The Signpost


Criminals among us

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By Smallbones
Warning: Readers may find parts of this article disturbing. Specifically, the sections on mass murderers and sexual predators who have edited Wikipedia discuss their crimes, and include descriptions of how Wikipedia was used by them, which range from unrelated editing to being directly connected with the crime in some way. Discretion is advised.

With the support of the staff of The Signpost, our new editors-in-chief, JPxG and EpicPupper have declared a new Signpost policy. We believe that many mass shooters are in part motivated by the prospect of publicity and the chance to spread their views, so we will not name mass shooters who are suspected of editing Wikipedia pages.
I personally agree with the new policy. But it raises questions about other Wikipedia editors who are criminals as well as non-criminal "black hat editors". How should The Signpost and Wikipedia as a whole, deal with these types of editors? The opinion piece explores this question. The opinions I express are my own and do not necessarily reflect the views of The Signpost or of other Wikipedians.Sb
Serial killer using a laptop.

Criminals edit Wikipedia. They include a couple of the mass shooters who have terrorized many Americans recently. They also include others who have committed particularly heinous murders, convicted sex criminals, financial con artists such as insider traders and Ponzi scheme operators. There are also tax-evading billionaires – one awaiting trial, another who has already confessed and is waiting to testify at trial. And then there's those who haven’t officially entered the criminal justice system, such as some of the Russian oligarchs. I’ll call these and similar editors “black hat editors”, just to keep these distinctions clear.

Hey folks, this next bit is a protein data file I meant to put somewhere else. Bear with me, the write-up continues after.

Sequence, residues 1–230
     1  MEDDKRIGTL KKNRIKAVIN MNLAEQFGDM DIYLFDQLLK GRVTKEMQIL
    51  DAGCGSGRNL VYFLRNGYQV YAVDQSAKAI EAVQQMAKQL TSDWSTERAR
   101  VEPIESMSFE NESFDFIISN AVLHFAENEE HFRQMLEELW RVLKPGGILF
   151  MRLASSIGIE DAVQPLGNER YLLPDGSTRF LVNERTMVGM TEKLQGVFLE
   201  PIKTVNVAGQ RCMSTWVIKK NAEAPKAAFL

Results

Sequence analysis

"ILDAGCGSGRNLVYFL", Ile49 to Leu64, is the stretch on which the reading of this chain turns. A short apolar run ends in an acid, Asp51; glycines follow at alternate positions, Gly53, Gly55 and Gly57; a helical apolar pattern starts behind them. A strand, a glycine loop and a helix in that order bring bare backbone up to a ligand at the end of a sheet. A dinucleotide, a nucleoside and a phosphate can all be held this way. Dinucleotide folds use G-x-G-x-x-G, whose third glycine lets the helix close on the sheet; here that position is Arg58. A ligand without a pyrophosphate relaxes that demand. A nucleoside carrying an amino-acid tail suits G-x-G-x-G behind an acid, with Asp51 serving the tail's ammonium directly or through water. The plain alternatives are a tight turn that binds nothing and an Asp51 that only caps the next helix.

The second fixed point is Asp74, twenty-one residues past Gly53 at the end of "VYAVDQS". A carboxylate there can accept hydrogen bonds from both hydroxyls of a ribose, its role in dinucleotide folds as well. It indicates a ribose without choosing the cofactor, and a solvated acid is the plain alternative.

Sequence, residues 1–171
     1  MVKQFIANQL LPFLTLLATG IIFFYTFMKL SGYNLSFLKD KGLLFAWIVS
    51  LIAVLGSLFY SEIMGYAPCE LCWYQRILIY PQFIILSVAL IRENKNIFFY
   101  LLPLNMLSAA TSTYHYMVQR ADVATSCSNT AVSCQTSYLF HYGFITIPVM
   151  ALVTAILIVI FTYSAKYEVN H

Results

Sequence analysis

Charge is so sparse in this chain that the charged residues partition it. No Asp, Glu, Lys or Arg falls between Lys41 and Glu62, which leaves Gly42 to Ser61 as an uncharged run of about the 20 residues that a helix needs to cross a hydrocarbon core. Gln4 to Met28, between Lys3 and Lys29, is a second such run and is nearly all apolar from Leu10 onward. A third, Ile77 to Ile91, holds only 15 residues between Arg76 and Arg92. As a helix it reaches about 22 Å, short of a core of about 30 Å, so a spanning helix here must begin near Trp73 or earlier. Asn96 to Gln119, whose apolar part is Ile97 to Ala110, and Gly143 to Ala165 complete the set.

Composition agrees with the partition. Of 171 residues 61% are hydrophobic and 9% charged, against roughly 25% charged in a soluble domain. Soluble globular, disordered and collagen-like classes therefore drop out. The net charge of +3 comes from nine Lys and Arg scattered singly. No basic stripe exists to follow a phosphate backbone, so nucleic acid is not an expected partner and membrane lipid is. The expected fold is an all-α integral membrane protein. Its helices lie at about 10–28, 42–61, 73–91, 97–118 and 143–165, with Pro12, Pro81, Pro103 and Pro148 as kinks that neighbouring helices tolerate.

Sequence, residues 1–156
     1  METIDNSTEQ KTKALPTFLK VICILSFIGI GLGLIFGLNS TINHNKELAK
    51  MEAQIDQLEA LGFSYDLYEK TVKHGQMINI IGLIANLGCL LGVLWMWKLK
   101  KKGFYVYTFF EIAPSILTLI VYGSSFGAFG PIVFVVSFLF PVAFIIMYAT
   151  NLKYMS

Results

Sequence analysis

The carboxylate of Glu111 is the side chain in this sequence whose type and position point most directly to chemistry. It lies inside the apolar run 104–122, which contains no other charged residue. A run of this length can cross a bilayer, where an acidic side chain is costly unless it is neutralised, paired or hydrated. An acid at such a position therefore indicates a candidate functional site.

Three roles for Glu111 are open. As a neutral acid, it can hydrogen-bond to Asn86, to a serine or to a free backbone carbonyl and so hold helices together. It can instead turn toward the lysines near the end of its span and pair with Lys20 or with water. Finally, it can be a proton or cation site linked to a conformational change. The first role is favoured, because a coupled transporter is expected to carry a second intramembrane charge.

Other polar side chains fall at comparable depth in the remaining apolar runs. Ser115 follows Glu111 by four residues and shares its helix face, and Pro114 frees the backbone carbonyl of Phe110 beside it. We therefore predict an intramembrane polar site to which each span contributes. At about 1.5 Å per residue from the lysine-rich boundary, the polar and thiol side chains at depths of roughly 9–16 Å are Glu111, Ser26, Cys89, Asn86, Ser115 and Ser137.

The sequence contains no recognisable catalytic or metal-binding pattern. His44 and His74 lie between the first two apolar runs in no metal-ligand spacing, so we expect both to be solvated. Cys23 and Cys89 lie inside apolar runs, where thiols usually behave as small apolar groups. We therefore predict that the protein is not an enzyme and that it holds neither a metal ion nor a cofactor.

First, though, you should know how I know that criminals edit Wikipedia. To show that The Signpost does not need to identify criminals by their user names or real world names, I won’t name some of the convicted criminals.

How I know there are criminals among us

The first time I was absolutely convinced that a Wikipedia contributor was a convicted criminal, I felt it was an honor to be able to revert such a well-known ex-con. It wasn’t hard to identify him: his user name was a slight variant of his real world name and he was editing the article about himself. He’d already identified himself as the subject of the article several times. He removed a quote from the then-Chairman of the U.S. Securities and Exchange Commission and called the addition of the quote "vandalism". The quote was about how horrible the article subject’s crime was (guilty on 53 counts of insider trading), and how he hurt the reputation of America’s financial journalists. The article's subject had been a financial journalist whose column effectively recommended the purchase or sale of certain stocks. He’d provide this information before publication to his insider trading partners, thus giving a good hint as to whether particular stock prices would rise or fall. When he was arrested for insider trading his defense was that his actions were unethical, but not illegal. Eventually, the U.S. Supreme Court disagreed with his defense, setting an important precedent.